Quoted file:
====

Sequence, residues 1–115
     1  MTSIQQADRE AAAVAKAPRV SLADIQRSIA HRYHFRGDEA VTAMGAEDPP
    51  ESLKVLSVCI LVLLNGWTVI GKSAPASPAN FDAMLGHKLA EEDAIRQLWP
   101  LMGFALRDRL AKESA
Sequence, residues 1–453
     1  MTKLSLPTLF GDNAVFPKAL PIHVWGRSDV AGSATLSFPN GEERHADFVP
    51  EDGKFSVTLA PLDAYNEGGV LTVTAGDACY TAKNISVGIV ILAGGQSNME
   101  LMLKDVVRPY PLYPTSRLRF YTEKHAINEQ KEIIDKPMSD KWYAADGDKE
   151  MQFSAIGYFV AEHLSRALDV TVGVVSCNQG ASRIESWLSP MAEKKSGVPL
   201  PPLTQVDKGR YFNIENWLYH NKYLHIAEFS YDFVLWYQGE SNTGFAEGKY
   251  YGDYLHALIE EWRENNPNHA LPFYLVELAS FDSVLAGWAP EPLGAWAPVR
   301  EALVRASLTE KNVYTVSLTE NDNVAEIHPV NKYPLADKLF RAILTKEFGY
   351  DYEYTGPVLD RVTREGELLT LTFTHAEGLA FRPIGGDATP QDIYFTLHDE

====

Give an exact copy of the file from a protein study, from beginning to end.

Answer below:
Sequence, residues 1–115
     1  MTSIQQADRE AAAVAKAPRV SLADIQRSIA HRYHFRGDEA VTAMGAEDPP
    51  ESLKVLSVCI LVLLNGWTVI GKSAPASPAN FDAMLGHKLA EEDAIRQLWP
   101  LMGFALRDRL AKESA
Sequence, residues 1–453
     1  MTKLSLPTLF GDNAVFPKAL PIHVWGRSDV AGSATLSFPN GEERHADFVP
    51  EDGKFSVTLA PLDAYNEGGV LTVTAGDACY TAKNISVGIV ILAGGQSNME
   101  LMLKDVVRPY PLYPTSRLRF YTEKHAINEQ KEIIDKPMSD KWYAADGDKE
   151  MQFSAIGYFV AEHLSRALDV TVGVVSCNQG ASRIESWLSP MAEKKSGVPL
   201  PPLTQVDKGR YFNIENWLYH NKYLHIAEFS YDFVLWYQGE SNTGFAEGKY
   251  YGDYLHALIE EWRENNPNHA LPFYLVELAS FDSVLAGWAP EPLGAWAPVR
   301  EALVRASLTE KNVYTVSLTE NDNVAEIHPV NKYPLADKLF RAILTKEFGY
   351  DYEYTGPVLD RVTREGELLT LTFTHAEGLA FRPIGGDATP QDIYFTLHDE